tulle. and patience.

Alas! the tulle petticoat is still a dream.


After I had successfully cut the eight layers of tulle to the measurements, I reacquainted myself with the unique properties of this fabric. Exactly what I said last time we visited.

Lighter than air and hard to pin down.

Slippery, with a will of its own.

photo of my hands working with the fabricNearly invisible.

I set about adjusting the layers and pinning them together so that they would lie one on top of the next, like a stack of paper.

Paper would have behaved! This is like stacking spider webs.

I basted the layers together, along one long and one short side by hand. Hmmm! Imagine my excitement! I felt on top of the world! Things were going swimmingly.

(Dost thou sense it? To what dark place is the seamstress headed?)

photo of my hands pulling the gathering threads

I used the longest stitch on my machine and sewed two rows of gathering stitches.

So far, so good. The next step was to pull the threads and reduce the length of one long side to mere inches.

photo of gathered tulle

Almost there. Wait for it!

Ahhhh! The gathering held! Ready to pin and baste the skirt to the yoke (that bit of curved fabric to the right of the skirt).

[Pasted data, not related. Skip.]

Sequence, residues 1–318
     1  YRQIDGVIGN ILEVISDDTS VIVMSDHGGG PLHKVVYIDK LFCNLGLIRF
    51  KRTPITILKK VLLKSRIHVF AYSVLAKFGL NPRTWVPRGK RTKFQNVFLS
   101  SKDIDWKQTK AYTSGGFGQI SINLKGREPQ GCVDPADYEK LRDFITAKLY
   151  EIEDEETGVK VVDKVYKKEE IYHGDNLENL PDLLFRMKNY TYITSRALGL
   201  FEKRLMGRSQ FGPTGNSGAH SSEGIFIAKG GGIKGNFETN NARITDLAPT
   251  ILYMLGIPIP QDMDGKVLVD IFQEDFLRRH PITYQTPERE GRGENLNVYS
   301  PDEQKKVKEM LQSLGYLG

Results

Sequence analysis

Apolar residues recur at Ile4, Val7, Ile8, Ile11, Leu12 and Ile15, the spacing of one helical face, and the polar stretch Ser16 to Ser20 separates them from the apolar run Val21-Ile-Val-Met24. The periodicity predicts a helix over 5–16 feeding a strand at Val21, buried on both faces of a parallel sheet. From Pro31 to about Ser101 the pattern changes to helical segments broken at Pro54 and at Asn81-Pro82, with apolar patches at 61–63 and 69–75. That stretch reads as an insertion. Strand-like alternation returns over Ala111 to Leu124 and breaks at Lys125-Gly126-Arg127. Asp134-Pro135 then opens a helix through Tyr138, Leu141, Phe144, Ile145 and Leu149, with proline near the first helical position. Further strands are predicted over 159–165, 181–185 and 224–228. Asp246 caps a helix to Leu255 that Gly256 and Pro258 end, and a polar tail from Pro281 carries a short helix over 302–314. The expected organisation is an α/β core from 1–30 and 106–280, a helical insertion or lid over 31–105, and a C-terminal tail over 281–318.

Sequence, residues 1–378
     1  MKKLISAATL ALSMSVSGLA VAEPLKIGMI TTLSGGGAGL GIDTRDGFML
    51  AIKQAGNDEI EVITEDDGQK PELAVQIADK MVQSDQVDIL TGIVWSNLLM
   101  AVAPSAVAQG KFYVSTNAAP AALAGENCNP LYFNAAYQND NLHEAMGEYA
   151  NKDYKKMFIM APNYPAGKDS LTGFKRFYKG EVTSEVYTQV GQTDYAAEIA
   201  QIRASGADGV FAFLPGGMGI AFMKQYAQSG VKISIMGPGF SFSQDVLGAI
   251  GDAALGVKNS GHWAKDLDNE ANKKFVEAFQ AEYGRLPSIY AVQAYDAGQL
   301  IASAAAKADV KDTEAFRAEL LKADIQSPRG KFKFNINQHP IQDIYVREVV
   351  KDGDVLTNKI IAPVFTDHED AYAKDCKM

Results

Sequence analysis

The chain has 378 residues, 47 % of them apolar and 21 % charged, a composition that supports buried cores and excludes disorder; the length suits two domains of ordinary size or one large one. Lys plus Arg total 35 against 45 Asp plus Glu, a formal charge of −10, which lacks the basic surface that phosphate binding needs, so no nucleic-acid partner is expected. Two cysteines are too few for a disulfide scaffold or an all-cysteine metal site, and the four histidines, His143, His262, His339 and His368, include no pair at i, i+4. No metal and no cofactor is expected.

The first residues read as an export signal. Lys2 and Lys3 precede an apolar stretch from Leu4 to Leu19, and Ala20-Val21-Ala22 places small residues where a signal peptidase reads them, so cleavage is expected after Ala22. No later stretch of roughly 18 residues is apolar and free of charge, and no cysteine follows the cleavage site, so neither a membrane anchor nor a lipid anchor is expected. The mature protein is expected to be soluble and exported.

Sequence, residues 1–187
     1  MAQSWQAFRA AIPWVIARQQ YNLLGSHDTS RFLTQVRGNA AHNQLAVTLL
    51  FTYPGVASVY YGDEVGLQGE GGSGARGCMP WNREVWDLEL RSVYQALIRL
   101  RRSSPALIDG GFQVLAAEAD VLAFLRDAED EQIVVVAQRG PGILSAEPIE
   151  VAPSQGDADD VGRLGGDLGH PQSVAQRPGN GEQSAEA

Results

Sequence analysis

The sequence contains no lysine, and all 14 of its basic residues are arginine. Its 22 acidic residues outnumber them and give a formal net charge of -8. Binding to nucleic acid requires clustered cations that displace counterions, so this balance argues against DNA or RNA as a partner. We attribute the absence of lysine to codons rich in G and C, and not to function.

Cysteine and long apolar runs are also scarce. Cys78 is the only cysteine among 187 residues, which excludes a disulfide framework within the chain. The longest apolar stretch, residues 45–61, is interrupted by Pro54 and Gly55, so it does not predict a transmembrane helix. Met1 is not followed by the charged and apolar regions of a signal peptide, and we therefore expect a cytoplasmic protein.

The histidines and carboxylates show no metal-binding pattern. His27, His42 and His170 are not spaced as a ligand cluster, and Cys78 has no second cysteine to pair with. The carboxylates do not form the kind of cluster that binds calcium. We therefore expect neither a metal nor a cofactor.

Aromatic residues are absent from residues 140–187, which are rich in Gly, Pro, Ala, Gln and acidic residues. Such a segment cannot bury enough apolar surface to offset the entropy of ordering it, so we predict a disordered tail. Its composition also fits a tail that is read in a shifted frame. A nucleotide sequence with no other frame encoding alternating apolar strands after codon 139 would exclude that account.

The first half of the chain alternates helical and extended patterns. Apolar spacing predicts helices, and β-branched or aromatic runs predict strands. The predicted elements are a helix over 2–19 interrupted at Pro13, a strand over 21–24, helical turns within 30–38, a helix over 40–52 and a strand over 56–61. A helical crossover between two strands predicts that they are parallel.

Nope. With the end in sight, I discovered that success was but a dream.

One of the layers of tulle had evaded the basting thread back in step 1. There was nothing to do but take out the gathering stitches and begin again.

This time I have a new plan for the basting. It will take longer. But that is the way with tulle.




‘Life is all about how you handle Plan B.’ (Author Unknown)

xo, Nancy





eight layers of tulle

Tulle. Defined on dictionary.com as thin, fine net made of nylon, rayon, acetate, or silk.

Not included in most definitions is that it feels like whipped egg whites. I find it prone to static electricity, hard to cut straight, turns on itself, sticks to me, sticks to itself (along the cut edge), and needs protection from my iron with a press cloth.